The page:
Frank Calvelli said he wants to make sure the companies understand ‘the importance of achieving their milestones’
WASHINGTON — Frank Calvelli, U.S. Space Force Acquisitions Director, will visit the United Launch Alliance’s Decatur, Alabama plant this week to receive an update on the company’s new Vulcan Centaur rocket, a vehicle in which the U.S. military has invested and is expected to use to build national security satellites.
Calvelli, who has been on the job for less than two months, told reporters at the Pentagon on June 28 that he was aware of the development delays on Vulcan’s main engine, Blue Origin’s BE-4, and so decided to bring ULA and Blue Origin on this itinerary sooner rather than later.
“One of the first industry visits I want to make is there to make sure they understand the importance of reaching their milestones, both with the delivery of the engine and with the launch,” said Calvelli.
Vulcan is years behind schedule due to delays in development and testing of the BE-4 engine that powers the vehicle’s first stage. ULA CEO Tory Bruno has said that the two flying engines needed for Vulcan’s maiden flight will be delivered this summer and that Vulcan should be ready to fly by the end of the year.
Calvelli said he expects Vulcan’s first launch in December. “That’s what I’ve been told.”
ULA must fly Vulcan and successfully complete two commercial orbital missions to become certified to launch U.S. military and intelligence satellites under the National Security Space Launch program. ULA is under contract, along with SpaceX, to launch as many as 35 missions over the next five years.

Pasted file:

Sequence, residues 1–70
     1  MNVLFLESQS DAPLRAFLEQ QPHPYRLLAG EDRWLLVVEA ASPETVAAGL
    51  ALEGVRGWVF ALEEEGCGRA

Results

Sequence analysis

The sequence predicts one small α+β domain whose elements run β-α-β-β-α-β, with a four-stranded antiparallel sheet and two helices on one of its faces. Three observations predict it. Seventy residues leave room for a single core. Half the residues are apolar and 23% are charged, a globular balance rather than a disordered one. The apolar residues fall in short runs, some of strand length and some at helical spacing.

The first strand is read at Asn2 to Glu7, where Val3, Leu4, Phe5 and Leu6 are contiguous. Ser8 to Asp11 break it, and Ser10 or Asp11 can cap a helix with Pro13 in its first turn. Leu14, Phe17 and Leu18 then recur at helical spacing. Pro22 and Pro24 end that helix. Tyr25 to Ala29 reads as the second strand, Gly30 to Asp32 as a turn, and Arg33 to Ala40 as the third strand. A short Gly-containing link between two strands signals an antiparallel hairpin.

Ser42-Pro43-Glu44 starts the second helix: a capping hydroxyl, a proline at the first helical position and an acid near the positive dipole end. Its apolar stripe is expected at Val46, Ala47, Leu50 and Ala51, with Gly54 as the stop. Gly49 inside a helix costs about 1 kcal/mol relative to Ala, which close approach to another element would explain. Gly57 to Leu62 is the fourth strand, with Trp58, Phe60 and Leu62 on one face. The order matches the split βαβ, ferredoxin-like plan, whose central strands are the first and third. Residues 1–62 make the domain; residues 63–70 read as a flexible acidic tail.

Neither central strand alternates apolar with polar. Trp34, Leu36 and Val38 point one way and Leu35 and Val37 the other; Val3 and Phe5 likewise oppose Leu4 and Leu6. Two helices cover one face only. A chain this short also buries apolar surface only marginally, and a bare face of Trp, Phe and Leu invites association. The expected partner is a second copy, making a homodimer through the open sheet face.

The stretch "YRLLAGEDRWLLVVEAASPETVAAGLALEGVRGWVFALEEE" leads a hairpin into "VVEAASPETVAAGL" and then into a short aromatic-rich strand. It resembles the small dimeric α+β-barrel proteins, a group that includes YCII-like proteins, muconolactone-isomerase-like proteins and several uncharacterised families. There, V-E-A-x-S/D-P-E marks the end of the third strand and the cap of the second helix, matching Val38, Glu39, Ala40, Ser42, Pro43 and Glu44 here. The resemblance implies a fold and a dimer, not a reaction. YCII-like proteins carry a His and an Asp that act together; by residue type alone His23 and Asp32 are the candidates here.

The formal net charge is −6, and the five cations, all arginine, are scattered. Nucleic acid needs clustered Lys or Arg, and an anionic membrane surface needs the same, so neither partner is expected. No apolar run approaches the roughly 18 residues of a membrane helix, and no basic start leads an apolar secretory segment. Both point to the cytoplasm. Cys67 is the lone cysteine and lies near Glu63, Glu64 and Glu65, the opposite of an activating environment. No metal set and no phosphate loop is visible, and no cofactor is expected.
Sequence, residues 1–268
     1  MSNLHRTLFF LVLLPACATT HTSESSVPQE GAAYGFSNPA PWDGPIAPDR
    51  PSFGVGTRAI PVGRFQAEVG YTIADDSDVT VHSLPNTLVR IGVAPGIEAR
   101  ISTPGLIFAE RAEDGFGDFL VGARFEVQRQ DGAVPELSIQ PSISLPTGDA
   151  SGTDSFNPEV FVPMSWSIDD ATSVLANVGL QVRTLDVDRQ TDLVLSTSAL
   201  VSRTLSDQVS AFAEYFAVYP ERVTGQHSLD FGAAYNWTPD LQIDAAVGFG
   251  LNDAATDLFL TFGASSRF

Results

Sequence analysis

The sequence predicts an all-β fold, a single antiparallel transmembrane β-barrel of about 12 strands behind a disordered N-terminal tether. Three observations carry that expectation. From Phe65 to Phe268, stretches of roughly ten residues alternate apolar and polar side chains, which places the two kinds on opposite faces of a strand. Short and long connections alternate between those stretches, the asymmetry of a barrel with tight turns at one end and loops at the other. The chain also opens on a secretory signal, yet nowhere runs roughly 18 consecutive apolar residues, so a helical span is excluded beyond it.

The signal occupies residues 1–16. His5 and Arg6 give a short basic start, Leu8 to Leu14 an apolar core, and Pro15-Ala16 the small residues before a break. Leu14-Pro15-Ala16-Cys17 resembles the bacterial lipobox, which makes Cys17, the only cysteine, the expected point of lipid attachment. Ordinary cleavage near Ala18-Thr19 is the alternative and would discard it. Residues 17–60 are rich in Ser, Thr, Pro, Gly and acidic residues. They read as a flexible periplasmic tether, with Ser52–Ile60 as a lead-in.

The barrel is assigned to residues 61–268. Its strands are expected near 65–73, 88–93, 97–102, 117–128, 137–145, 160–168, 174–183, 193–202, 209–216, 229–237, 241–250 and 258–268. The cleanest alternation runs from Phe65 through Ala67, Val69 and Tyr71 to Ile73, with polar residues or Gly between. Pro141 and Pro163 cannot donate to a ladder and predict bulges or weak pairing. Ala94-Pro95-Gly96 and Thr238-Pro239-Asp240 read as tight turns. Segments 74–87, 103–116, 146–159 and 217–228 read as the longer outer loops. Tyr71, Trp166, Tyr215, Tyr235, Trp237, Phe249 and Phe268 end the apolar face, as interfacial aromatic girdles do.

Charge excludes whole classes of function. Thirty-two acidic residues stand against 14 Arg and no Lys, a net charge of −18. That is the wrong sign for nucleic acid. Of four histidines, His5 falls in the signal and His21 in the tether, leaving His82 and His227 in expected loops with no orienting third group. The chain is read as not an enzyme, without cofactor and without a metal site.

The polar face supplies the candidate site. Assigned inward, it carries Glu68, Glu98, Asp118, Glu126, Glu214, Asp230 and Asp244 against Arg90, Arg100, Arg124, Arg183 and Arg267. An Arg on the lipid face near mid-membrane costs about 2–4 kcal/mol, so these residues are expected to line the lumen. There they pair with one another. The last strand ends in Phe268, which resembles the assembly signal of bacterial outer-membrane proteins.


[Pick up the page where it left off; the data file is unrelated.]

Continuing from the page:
Certifying Vulcan as soon as possible is critical to the Department of Defense. ULA is currently launching NSSL missions with its workhorse Atlas 5 rocket, but DoD cannot purchase Atlas 5 launches after 2022 due to a congressional ban on the use of Russian rocket engines. The Atlas 5 uses the Russian-built RD-180s engines. ULA said it has sold all of its remaining Atlas 5s and just won a major contract from Amazon to launch the Kuiper broadband constellation, so it’s imperative for the company to move to Vulcan and get a domestically produced engine. to control.
Calvelli said he will be briefed on Vulcan’s status during his scheduled visit on June 30. “I’ve never had a good dive into what Vulcan is all about and what the BE-4 is about,” he said. “I’m going there as one of my first visits to the industry to make sure they know that it’s really critical that they launch in December this year as they had committed to get those engines delivered,” he added. ready. “So I go there as an education to learn, and to make sure that both Blue Origin and ULA know how important this is.”
At this point, Calvelli said he has no particular concerns about the program, but believes it is important enough to merit a visit. “I just want them to recognize that there is someone new in town, and that this is very important to me.”